If It Ain’t Broke

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The clouds were thick, gray, billowed by with speed. Captivated, I lingered at the light, my teenage son by my side. “Riders on the Storm” by The Doors played on the radio accompanied by bursts of intermittent rain. I spoke first.

“This morning at the vet when Dad and I found out Ruby was okay, we talked about gratitude — how tragedy strikes in peoples’ lives every day, how you must try to feel as much happiness as possible when everything is all right because things can change so quickly. You know, living with gratitude really does make a difference.”

My son remained quiet, his mood somber. “Okay, Mom, I get it, you don’t need to launch into a lecture.” He stuck an earbud in and lifted the bottle of water from the car door.

“I know, it’s just something I wanted to mention… and also that it takes effort to remember to live that way. Strange that it’s not natural, easier to think of yourself as inadequate, think about what you don’t have first, how you wish things were different. It’s like fighting your own self-imposed battle, you know? And the funny thing is — ”

“I get it, Mom.” He popped the other earbud in, tilted his head, pressed his chin to his neck.

I continued to nod in time with the music. I shot my eyes at his profile, confident I could get him to give something up. “So… what else happened today?”

He snapped. “There’s nothing new, okay? You don’t always have to feel like you have to have an answer for everything. I just want to sit here — quietly. There’s nothing wrong. Isn’t that okay with you?”

I looked away then back again, mute. I listened for words in the song to erase the friction, wished for distraction, didn’t want to become more noise. I exhaled with a sharp huff.

There are moments as a parent where all you can do is breathe through them without any words. The funny thing is; well, that’s the funny thing: he gets that better than I do.

We traveled on, silently sorting out the blustery, gray-green scenery around us. It wasn’t that bad, not too hard to accept, certainly worthy of the photo I snapped from behind a misty windshield.

I recognized the road in front of me, and I decided to reach for the volume and recline my seat. My son’s face slowly brightened as he watched. His expression further softened, complimented the sparse whiskers present on his chin. And together we settled into the groove of a perfect Tuesday afternoon.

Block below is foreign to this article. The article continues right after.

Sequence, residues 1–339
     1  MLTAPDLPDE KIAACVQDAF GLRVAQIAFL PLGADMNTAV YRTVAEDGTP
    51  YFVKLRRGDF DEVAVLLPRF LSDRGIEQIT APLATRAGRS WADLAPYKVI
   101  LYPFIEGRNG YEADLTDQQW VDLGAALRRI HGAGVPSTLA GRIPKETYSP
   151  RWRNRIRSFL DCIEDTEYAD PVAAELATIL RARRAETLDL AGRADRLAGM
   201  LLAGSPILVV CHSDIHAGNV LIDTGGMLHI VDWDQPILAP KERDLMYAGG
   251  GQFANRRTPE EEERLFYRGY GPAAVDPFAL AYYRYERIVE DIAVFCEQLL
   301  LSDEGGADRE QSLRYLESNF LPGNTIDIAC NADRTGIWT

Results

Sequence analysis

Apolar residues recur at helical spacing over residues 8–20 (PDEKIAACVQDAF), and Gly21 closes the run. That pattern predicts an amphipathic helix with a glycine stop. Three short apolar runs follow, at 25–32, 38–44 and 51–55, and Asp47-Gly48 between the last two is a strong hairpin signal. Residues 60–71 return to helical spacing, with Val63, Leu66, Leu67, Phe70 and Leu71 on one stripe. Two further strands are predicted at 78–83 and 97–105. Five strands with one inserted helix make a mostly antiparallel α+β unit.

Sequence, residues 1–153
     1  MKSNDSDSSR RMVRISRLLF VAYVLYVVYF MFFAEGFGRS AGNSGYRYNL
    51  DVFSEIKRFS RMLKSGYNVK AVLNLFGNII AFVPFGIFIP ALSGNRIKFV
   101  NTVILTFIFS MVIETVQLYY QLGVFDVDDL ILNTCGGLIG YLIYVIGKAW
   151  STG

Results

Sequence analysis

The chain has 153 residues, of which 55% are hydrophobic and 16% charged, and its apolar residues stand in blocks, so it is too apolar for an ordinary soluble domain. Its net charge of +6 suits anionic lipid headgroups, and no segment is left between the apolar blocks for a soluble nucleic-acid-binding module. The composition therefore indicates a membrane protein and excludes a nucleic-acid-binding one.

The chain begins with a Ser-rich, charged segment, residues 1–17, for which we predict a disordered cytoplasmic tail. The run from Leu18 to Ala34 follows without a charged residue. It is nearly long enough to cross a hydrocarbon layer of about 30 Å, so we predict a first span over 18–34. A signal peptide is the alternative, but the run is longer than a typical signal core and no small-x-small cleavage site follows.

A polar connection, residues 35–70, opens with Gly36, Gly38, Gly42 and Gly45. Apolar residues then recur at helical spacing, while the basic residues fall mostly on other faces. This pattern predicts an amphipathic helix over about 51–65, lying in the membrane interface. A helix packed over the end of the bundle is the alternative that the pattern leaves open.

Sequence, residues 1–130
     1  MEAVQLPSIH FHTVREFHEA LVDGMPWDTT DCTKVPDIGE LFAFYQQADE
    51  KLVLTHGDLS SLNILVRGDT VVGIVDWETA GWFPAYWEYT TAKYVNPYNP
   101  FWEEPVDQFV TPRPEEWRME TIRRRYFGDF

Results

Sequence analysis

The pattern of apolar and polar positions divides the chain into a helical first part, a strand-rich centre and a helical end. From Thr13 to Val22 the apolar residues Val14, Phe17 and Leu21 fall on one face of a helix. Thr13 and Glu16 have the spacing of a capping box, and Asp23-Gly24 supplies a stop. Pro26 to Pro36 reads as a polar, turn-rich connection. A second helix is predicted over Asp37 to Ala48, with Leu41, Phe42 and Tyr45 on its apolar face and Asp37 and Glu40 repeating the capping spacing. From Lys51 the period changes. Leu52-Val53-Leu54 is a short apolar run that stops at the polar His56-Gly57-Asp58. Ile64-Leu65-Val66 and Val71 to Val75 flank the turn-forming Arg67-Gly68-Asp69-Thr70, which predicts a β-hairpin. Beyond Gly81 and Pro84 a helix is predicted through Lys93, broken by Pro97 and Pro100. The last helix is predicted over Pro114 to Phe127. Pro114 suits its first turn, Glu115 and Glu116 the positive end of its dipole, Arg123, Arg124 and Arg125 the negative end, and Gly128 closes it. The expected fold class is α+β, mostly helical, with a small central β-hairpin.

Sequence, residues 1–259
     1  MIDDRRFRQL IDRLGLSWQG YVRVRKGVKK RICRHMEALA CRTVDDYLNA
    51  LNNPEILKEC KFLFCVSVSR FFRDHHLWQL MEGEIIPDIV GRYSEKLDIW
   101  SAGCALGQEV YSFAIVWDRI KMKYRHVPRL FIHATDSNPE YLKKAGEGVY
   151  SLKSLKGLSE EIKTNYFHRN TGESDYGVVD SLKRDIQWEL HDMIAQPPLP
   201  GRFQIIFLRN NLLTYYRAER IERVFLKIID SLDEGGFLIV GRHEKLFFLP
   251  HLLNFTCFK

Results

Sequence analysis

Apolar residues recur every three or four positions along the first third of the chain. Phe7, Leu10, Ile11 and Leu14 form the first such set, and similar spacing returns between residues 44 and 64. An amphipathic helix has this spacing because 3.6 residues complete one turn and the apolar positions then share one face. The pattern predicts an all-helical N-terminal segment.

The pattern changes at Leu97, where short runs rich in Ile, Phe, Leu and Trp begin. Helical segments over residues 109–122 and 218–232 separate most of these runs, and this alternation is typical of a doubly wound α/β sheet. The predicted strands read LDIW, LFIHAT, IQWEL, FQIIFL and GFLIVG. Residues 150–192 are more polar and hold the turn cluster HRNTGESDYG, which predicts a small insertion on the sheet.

His brain is squirmin’ like a toad…”

Then, laughter.


I took this picture of my son last week.

Yes, it was just last week. ❤️

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Thank you for reading!


32 thoughts on “If It Ain’t Broke

  1. I hear you … and then again they teach us a lot too. Perhaps I am digressing here but I tend to show my interest in what they do in asking them about what they did and try getting into detail… I don’t pretend, I am really interested. Also, I thought it shows them that I care but…they can get so annoyed about it… lol! Btw, That is such a cute photo!

    • Hi Erika! Happy Tuesday! And thank you! Annoyed is right. I seem to be excelling at that right now! It’s an interesting time as a parent to still show that I care but to show it in ways where he knows I am accepting him as an adult. And yes, he teaches me a lot, which is at the same time something I marvel at. Thanks for the comment, I hope all is well! xo

      • Yep, can relate to that very well too! We discover ourselves from a new side and need to develop a kind of diplomacy… lol! All is good, thank you for asking. I am having a very stressful time right behind me. It was crazy and that’s why I wasn’t around a lot visiting my friends. But from July on all should go back to a new normality. I hope you are doing fine, Kelly!

      • Sorry to hear that and happy it’s behind you. And I so agree about discovering ourselves from a new side… that’s a great way to look at life no matter what we’re going through. Thanks for that, Erika. Hope you enjoy the rest of your day! 🙂